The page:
Wednesday, February 3, 2016

Working through the kinks.

Writing is one of those things where words can be flying onto the page one minute and turn bone dry the next. I've been working on a manuscript for about a year. The first draft mind you. I'm not super proud of that time line but it's something I'm trying to figure out. I was super passionate about the project when I started. I did get feed back early on, which may have slowed my process and hindered the flow. I put it aside for many months, hoping that I would get those fuzzy feels for it again. It took a while and now there are some tingles in my belly for it. I am struggling though. I think I'm overthinking things as I always do.

It's the first draft fright. I'm a reviser. It's what I like to do. First drafts scare me. It could be the perfectionist in me, but I like revising. First drafts are messy and disorganized. You would think I would be an outliner, but no, total panster. This might make you think I would love first drafts. I don't. So how do you survive them? I don't think there is a straight answer. This is my fifth novel and I still squirm when I open a blank page. I listen to the voice and plug along, but then that scene comes where you have no idea how to connect it to the ending. Did I mention I write out of order? Yep, guilty.

Right now, I'm at that point. I have 43,000 words. The beginning, most of the middle, and the end are written. I just have to connect (think big climax) the middle to the end. I know what has to happen, it's just getting something down so I can read through and fill in and polish. My brain is having a hard time with it. My solution is to keep going. Even if I develop a twitch in the corner of my left eye, I have to accept that I can write the word "transition" or "needs something here" and continue on. It's okay to do this.

Working through a first draft, for me, can be tedious. The thing is-- we all have our own process. As we hone our skills and write our babies, we figure out what works best for us. It's getting over fears or at least calming them down, taking a breath, and jumping in. So here I go. I'm off to write a big battle scene.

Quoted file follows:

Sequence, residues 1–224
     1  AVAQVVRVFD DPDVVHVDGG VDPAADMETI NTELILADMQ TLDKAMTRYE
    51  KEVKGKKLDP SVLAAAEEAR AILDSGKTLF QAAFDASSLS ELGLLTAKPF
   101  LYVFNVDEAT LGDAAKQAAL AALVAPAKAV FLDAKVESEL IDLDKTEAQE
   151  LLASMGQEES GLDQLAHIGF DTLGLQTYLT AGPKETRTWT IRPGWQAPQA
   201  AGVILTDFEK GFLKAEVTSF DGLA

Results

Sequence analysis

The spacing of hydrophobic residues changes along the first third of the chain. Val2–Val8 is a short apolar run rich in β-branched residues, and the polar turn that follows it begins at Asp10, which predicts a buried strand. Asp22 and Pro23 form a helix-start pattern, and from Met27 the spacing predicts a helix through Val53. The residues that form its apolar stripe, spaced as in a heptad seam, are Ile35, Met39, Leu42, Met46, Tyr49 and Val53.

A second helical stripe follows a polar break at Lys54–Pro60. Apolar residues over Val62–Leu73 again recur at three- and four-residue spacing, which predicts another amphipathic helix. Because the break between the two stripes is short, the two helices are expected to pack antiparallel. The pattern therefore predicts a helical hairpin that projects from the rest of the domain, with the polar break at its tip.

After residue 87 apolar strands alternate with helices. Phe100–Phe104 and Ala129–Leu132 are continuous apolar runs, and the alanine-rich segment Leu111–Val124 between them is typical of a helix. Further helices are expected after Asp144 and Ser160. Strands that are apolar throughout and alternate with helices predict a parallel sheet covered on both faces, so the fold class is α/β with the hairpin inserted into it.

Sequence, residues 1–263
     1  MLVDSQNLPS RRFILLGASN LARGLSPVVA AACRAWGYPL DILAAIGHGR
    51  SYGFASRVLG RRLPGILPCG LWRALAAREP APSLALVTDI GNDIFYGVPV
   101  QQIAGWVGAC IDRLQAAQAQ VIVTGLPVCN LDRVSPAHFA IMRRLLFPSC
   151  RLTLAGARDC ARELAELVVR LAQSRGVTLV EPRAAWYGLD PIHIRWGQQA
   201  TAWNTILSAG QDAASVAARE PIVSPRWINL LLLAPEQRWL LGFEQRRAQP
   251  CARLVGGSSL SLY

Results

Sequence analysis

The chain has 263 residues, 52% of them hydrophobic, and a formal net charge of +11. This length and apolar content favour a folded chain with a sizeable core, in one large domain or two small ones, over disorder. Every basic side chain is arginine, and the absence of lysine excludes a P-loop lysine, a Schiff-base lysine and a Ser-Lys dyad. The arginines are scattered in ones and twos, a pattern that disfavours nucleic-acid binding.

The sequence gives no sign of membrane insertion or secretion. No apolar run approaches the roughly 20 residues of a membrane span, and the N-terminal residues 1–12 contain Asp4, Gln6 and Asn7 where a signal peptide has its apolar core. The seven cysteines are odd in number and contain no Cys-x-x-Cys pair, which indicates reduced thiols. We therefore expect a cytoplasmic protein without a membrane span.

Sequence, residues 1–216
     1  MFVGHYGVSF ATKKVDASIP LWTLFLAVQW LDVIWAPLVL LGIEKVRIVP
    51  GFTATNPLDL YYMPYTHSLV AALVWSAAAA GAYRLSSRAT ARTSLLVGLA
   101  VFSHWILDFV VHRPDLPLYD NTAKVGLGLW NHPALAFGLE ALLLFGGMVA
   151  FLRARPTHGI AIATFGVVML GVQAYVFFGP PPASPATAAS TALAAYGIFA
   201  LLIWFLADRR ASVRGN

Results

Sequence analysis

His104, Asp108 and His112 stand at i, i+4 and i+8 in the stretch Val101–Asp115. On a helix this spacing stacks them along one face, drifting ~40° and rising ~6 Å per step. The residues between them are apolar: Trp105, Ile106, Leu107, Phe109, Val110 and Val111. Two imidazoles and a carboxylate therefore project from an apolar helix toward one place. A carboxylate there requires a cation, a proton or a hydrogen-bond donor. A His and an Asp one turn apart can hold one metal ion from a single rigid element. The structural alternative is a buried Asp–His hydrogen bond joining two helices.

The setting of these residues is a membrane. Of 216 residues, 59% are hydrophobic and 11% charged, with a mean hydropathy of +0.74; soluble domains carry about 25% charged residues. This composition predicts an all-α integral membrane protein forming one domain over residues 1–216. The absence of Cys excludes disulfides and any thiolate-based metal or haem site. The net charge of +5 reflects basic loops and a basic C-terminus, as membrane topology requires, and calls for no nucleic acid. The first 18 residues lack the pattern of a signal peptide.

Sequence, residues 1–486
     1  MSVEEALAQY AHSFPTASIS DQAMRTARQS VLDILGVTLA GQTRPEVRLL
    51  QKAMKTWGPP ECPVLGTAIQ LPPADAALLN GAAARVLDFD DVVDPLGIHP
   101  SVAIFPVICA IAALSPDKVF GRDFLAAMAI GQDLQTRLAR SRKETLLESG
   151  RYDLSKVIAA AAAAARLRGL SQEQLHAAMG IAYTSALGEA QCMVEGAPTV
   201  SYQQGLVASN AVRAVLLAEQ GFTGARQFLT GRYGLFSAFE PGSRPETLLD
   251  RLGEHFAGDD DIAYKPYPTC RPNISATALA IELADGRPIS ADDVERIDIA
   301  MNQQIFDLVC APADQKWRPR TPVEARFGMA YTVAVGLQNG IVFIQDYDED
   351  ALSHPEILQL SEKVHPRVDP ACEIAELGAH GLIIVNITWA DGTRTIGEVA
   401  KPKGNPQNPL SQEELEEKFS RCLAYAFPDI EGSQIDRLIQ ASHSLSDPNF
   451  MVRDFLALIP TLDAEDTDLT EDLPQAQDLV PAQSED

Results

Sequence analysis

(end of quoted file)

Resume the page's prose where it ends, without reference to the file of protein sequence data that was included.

How do you get through your first draft?

Have a great day!!


  1. I feel the same way. At least with revisions, I have something to work with.
    I am an avid outliner though and tend to plot my stories to death. When I do start that dratted first draft, I have enough I can plow through the unpleasantness rather quickly.
    Just keep on working on that scene that bridges the two!

  2. I think it's great that you are determined to finish your first draft. Right now, I'm working on a first draft, one that I had gone back to revise so many times that sometimes I feel like I'm moving backward instead of forward. My main tip is just to keep writing!

  3. Sudden bursts of inspiration that come from the periphery. Maybe just browsing this and that. Any thing but still writer related. Then I jot down notes, a scene, a dialogue. Bits and pieces that are now writing up the side of the page, or arrows every where, connecting to scenes I wrote earlier that I've circled.

    Now I have to make sense of all my scribbles and type them in.
    Then it shapes itself until my next repeat cycle.

    Have a pleasant week, Christine. Good luck with your draft.

  4. Sorry I'm just now seeing this but I've been away from the internet. Do what works for you, Christine. It took me two and a half years to get through the first draft of my first novel. Now that I'm starting my fifth, I still tend to take almost a year to write that terrifying first draft. And I'm also a pantser and much prefer revising. How do I get through? Keep writing but take breaks. That may sound contradictory, but it's what works for me. I have to step away from it when the passion fizzles. Then I work on something else. When I come back to the WIP, if the passion for it reignites I know I can get through. You can do this, Christine!